"... With that weight now off his shoulder, it will be fun to see just how far Jackson can take the Ravens. We sometimes forget that he's just 24 years old with so much growth to come. It might be a stretch to say he's playing with house money the rest of these playoffs, but not by much. And that makes him and the Ravens all the more dangerous."

"The Ravensaren't built to play from behind."

Verdict: Busted

The narrative that the Ravens aren't built to win from behind was tested when they found themselves down 10-0 early in the first quarter. But a heavily debated topic that stemmed all the way from last year's playoff loss to the Titans can be put to rest.

"The Ravens were 0-6 in the Jackson era when they've fallen behind by 10 points or more," The Draft Network’s Jamie Eisner wrote. "Baltimore's last win after losing by 10 or more points was way back in September of 2016. Simply put, the Ravens, with their run-heavy style, were built to get and play with a lead, not to scratch and claw back into a game. But there's a difference between a strong preference and an inability, and Baltimore proved that, at least for one Sunday, they were able to hang and persevere even when the chips were stacked against them."

Trailing after the first quarter, the Ravens stuck to their gameplan. Jackson led a 12-play, 60-yard drive to set up a Justin Tucker 33-yard field goal in the second quarter. After a Titans punt on the ensuing drive, Jackson broke off the game-defining 48-yard touchdown run that completely shifted the momentum in the Ravens' favor.

"It was Jackson's playmaking prowess that yanked the team back to life," Penn Live’s Aaron Kasinitz wrote. "He delivered several third-down completions on a drive that ended in a field goal, and then he enjoyed his brightest moment late in the second quarter with the long touchdown run."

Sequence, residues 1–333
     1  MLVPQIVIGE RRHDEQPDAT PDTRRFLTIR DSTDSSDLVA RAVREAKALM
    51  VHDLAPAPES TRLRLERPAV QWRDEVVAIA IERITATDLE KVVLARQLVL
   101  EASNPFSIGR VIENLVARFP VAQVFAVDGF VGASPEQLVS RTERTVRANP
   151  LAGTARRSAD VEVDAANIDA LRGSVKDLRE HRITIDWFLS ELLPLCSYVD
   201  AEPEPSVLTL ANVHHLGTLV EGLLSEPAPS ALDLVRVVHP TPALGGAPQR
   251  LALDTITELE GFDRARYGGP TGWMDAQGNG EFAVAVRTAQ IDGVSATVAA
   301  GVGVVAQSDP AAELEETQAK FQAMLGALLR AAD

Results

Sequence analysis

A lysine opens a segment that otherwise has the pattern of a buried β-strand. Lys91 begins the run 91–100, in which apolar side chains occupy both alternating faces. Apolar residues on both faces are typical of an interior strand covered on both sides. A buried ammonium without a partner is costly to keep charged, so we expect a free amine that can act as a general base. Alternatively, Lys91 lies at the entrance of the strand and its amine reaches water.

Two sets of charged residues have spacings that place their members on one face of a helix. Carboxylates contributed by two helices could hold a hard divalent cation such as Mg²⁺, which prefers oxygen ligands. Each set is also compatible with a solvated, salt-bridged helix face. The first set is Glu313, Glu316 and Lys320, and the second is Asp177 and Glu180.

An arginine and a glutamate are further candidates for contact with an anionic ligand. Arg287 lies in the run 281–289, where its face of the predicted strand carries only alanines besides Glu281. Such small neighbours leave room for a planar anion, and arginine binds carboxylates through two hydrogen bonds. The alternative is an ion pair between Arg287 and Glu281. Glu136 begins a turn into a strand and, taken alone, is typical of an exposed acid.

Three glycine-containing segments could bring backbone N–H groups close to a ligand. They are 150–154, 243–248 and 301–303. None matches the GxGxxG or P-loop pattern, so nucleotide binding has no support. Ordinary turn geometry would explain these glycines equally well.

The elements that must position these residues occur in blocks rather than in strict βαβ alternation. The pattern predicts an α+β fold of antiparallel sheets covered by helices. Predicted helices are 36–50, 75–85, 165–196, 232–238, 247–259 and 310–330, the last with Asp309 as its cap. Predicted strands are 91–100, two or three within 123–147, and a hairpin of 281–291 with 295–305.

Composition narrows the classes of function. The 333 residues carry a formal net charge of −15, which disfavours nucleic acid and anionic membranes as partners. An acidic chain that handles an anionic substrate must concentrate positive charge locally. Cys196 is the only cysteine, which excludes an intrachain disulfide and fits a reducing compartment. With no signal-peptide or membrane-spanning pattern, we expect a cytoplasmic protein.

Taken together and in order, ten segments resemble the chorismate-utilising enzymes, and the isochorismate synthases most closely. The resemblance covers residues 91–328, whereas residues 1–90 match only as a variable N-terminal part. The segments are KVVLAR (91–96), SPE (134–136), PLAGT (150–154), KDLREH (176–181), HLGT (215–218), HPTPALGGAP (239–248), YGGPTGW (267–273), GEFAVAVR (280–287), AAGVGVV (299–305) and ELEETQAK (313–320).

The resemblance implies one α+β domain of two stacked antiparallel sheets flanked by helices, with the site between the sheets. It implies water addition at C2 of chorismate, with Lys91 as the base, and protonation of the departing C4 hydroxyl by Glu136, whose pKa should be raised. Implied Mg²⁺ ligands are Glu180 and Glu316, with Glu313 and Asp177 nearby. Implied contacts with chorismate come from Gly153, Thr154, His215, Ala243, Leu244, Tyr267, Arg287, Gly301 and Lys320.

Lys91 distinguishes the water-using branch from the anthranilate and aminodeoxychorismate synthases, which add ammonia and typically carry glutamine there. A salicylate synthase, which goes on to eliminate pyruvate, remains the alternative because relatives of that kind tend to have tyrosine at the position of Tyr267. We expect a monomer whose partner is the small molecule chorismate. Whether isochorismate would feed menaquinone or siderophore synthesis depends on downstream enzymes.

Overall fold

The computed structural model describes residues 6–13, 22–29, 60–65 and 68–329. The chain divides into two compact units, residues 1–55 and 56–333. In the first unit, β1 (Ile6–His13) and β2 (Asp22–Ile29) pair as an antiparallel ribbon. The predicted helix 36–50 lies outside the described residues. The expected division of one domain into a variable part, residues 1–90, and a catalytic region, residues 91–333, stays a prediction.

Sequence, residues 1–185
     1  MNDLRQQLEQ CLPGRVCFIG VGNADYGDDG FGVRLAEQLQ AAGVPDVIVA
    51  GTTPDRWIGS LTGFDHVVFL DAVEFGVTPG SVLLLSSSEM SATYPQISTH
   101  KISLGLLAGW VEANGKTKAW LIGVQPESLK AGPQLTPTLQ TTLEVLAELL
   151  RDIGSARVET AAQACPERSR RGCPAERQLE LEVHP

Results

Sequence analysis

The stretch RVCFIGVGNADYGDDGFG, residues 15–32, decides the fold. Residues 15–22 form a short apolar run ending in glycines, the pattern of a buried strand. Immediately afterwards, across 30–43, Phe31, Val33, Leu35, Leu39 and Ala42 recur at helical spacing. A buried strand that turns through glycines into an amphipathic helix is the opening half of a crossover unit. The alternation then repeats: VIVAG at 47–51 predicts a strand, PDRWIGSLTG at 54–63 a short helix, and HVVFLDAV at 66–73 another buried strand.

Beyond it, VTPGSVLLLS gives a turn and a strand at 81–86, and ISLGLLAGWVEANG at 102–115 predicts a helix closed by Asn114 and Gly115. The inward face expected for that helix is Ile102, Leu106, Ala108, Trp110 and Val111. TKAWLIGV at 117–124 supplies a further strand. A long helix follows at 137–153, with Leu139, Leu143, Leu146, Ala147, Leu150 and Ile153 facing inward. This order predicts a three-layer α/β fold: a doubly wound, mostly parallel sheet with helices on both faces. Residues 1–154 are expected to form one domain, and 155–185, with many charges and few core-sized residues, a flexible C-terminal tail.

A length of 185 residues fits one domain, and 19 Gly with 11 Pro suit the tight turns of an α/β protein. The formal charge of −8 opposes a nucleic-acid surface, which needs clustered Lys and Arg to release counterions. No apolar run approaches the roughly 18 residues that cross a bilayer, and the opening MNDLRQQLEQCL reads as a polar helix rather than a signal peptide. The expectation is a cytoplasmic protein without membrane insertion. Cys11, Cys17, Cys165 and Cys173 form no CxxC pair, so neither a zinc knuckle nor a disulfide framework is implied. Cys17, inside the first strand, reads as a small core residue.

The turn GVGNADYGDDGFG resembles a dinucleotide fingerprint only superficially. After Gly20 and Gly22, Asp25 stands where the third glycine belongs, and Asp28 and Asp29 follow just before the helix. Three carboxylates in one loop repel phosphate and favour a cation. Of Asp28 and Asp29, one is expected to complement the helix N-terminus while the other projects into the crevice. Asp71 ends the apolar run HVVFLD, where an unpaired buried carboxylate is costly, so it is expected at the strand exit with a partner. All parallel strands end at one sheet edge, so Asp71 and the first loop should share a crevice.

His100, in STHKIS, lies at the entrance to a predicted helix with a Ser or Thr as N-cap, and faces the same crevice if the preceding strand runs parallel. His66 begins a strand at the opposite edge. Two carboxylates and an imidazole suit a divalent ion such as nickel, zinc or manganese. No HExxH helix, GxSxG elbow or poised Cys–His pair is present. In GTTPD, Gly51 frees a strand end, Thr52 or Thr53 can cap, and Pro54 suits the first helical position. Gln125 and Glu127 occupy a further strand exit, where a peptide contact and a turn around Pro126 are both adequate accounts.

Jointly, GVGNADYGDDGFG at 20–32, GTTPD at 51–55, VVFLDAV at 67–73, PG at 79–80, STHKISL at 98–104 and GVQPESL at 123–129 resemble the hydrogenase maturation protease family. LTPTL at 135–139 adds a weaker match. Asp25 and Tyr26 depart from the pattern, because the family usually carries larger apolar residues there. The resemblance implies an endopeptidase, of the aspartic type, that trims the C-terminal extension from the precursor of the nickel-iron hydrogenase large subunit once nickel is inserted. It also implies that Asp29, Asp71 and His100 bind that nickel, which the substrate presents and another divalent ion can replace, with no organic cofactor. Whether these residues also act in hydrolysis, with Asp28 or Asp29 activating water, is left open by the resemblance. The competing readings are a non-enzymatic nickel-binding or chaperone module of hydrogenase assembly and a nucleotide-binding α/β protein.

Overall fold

Out of the half, Baltimore's offense marched down the field on a 10-play, 77-yard drive that was capped off by a J.K. Dobbins 4-yard touchdown run. The NFL's top rushing offense ran for 236 yards and two touchdowns, controlling time of possession 33:38 to 26:22.

We discussed the topic in this very column after the Ravens' Week 3 loss to the Kansas City Chiefs. Since then, comeback wins against the Cleveland Browns and Titans proved the offense can operate successfully with a lead or in a deficit.

"The Ravenscan't stop Derrick Henry."

Verdict: Busted

After Henry rushed for 195 yards in the playoff matchup last year, the Ravens brought in the pieces to make sure that didn't happen again.

On Sunday, Wink Martindale's defense held the NFL's leading rusher in check with 40 yards and 2.2 yards per carry. Henry's longest carry was for just eight yards and the Titans' only rushing first down came on a Ryan Tannehill quarterback sneak in the fourth quarter

"Nobody in the organization will outright say this was a direct response to Henry's playoff performance, but there's little doubting that it certainly played a role in the offseason strategy," Baltimore Beatdown’s Frank Plato wrote. "In trading for Calais Campbell and signing Derek Wolfe in free agency, the hope was that adding them alongside Brandon Williams on the defensive line would help the Ravens be better-prepared in a potential rematch with Henry and the Titans.